It’s hard to believe that our road trip has come to a close.


Our last day was filled with some memorable adventures.


We woke up to an overcast morning at our bed & breakfast.  

You know what the best part of staying at a B&B is?  The breakfasts!

We started out with strawberries and bananas on a bed of sweetened cream followed by french toast, sausage and eggs.  

Do you remember my telling you how popular rhubarb is in this area, in my last post?

Well, during breakfast, we also had a slice of rhubarb pie.  Can I tell you a secret?  I don’t like rhubarb.


Speaking of rhubarb – it was growing out in the garden.


Speaking of gardens, theirs was beautiful.  This lovely fountain surrounded by petunias was the focal view from the dining room.


A circular bed, edged in stones held flowering violas and chives.


White daisies filled the other perennial beds.

I think that daisies can brighten up almost anyone’s day, don’t you?


Along the side of the 100 year old Victorian home, was a side garden with a curved stone pathway that led to a covered arbor.


Purple ‘Wave’ petunias surrounded by bacopa took center stage from this window.  

I always get a kick out of the fact that we grow many of the same annuals in the desert – just at a different time of year.


The bed & breakfast was located in Amish country.  As we ate breakfast, I noticed an Amish girl working in the garden.

She was busy using hand pruners to prune away old, woody growth from some shrubs.

*Amish people do not like pictures of their faces to be taken, which is why I am only showing her from behind.


After breakfast, we got into our car and headed toward Minneapolis, which was to be our last destination.

Our flight wasn’t scheduled to take off until 7:40 pm, so we had the entire day to fill.


We decided to spend some time at the Mill City Museum.

Did you know that Minneapolis used to be the flour capitol of the world?  It’s true.


As someone who loves carbs with a passion and would rather eat bread then sweets, I knew that I had to check out this museum.


The museum is housed in the old Gold Medal Flour factory, which used to be the world’s largest flour mill.


It is 8-stories high and much of it was destroyed by a fire in the 90’s.

You can see the girders and where the floors used to be in the ruins.


The interior had some great exhibits about the history of the early flour industry and how the city of Minneapolis used the power of the Mississippi River to power the mill.

One very cool part of the museum was the Flour Tower tour.


I apologize for the bad photo, but wanted you to see the large freight elevator that visitors went on.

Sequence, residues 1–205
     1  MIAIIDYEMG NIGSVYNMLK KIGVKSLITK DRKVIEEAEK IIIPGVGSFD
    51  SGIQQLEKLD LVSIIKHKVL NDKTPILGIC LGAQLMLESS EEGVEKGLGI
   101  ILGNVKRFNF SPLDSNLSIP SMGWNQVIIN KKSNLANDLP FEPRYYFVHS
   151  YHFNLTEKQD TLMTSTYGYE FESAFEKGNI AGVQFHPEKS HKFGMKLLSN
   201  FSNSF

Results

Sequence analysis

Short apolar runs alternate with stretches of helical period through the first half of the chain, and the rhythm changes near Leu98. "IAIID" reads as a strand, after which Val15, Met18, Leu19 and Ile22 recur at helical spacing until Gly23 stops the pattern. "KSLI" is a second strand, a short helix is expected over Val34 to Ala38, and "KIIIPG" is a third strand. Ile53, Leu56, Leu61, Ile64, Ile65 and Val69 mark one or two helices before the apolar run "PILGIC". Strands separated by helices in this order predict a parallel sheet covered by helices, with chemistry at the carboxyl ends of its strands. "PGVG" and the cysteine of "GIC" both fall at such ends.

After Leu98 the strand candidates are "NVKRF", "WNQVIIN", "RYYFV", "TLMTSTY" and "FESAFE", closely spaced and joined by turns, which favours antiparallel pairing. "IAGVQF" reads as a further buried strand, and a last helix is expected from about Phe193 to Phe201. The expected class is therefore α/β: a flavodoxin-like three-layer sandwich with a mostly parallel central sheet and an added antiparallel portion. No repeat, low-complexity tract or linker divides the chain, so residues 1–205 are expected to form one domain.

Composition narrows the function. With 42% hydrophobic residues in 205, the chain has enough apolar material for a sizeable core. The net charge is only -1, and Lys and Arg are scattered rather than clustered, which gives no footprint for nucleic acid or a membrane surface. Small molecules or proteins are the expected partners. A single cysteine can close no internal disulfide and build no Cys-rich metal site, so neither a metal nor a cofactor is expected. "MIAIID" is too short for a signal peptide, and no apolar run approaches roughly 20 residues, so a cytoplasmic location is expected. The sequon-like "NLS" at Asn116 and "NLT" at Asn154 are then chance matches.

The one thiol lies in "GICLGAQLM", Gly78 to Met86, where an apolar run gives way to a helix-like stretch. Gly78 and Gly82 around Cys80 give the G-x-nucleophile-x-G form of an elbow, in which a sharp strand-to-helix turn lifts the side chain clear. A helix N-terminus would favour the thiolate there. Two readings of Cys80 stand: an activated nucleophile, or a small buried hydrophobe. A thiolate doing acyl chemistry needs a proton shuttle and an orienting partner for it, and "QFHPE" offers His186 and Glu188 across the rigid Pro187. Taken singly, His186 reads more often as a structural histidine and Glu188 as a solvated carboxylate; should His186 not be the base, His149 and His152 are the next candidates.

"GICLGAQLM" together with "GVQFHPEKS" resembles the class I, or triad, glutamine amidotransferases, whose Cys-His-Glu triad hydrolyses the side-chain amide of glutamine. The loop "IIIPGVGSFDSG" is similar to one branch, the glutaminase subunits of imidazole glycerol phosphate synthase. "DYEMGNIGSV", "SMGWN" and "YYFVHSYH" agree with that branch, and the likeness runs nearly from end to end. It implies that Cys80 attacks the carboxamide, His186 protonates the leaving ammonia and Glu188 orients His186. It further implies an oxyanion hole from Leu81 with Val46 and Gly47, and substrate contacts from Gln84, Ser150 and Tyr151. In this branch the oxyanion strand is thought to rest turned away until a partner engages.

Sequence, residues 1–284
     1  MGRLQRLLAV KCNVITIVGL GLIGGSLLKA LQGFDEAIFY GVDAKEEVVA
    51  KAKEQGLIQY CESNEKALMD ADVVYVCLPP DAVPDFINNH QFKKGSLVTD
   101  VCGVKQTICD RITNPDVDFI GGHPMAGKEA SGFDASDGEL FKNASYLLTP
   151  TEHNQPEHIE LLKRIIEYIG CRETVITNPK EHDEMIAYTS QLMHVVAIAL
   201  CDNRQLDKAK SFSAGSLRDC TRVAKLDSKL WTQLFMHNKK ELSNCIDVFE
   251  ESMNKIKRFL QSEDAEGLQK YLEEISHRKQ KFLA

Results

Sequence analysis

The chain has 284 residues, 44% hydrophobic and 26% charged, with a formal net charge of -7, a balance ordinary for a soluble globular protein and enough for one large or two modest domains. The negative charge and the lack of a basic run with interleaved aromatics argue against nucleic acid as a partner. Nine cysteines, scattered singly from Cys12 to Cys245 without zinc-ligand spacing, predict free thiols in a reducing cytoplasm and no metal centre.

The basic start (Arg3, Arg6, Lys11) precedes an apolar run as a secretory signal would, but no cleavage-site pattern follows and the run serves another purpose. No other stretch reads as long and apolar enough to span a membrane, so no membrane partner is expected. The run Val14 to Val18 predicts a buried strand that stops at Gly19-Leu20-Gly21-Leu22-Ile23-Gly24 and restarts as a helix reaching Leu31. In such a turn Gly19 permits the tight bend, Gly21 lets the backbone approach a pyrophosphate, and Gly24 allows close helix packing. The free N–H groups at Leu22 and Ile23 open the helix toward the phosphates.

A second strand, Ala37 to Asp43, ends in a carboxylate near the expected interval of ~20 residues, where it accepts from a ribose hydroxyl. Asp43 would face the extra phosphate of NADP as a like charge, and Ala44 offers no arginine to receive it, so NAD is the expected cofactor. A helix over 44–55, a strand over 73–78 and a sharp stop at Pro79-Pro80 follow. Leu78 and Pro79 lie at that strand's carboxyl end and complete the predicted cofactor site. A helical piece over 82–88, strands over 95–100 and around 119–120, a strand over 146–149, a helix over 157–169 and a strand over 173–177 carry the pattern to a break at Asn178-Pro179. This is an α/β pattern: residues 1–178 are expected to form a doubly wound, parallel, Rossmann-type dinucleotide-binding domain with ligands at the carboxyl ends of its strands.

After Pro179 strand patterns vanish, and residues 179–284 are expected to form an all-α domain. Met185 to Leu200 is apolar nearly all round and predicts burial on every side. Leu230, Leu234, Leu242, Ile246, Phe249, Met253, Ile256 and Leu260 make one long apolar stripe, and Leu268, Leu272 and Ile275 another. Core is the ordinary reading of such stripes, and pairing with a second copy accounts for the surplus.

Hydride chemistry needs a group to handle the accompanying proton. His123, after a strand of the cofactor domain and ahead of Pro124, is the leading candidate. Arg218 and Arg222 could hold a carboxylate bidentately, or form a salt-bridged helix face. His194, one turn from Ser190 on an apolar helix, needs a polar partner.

As you sit, a guide takes you along a journey up and down 8 floors of the mill.  Each floor opens up to a display that recreates the history of the mill.


At the top of the mill, we were allowed to get up and walk to the top of the building.


You could see the old sign, which stood tall above us.


From the rooftop, you could see the Mississippi River flowing by.


I wonder if I will ever tire of seeing the Mississippi River.  I hope not.


Across the river, you could see the old Pillsbury Flour Mill.


After leaving the mill, we head a little time left before we had to turn in our rental car and head to the airport.  So, we decided to go and see Minnehaha Falls.

The falls are located in the middle of the city and flows from the Minnehaha River before joining the Mississippi.

As you stand along the viewing area, you are sprayed by the water, which is really quite refreshing.

The falls are 53 feet tall.


During this entire road trip, my mother has been enjoying taking pictures with her new iPhone.  

Many of her photos are of me taking pictures of my camera, like this one at the falls.

It was time to wrap up our visit to Minneapolis and start toward the airport.


Our time at the airport was much longer then we had planned for.  Our 7:40 pm flight was delayed for 4 hours until 11:30 pm.

Thankfully, I had my laptop and some knitting to keep me busy while we waited.


Sunset in Minneapolis.

I was really wishing that I had been on a plane by now.  I missed my husband and kids.

The airline brought out a cart filled with snacks and drinks for all of us who had to wait.

I ate my fill of shortbread cookies and Ritz cheese crackers.

Our flight finally arrived and we soon left for home.

We had a wonderful time on our road trip and I appreciate your comments so much.

BUT, my road trip posts aren’t over yet.

I’ve saved the visit to my friend and fellow garden blogger, Amy’s garden for my last post.

I can’t wait to show you what’s growing in her garden – so come back soon!

Noelle Johnson, aka, 'AZ Plant Lady' is a horticulturist, certified arborist, and landscape consultant who helps people learn how to create, grow, and maintain beautiful desert gardens that thrive in a hot, dry climate. She does this through her consulting services, her online class Desert Gardening 101, and her monthly membership club, Through the Garden Gate. As she likes to tell desert-dwellers, "Gardening in the desert isn't hard, but it is different."

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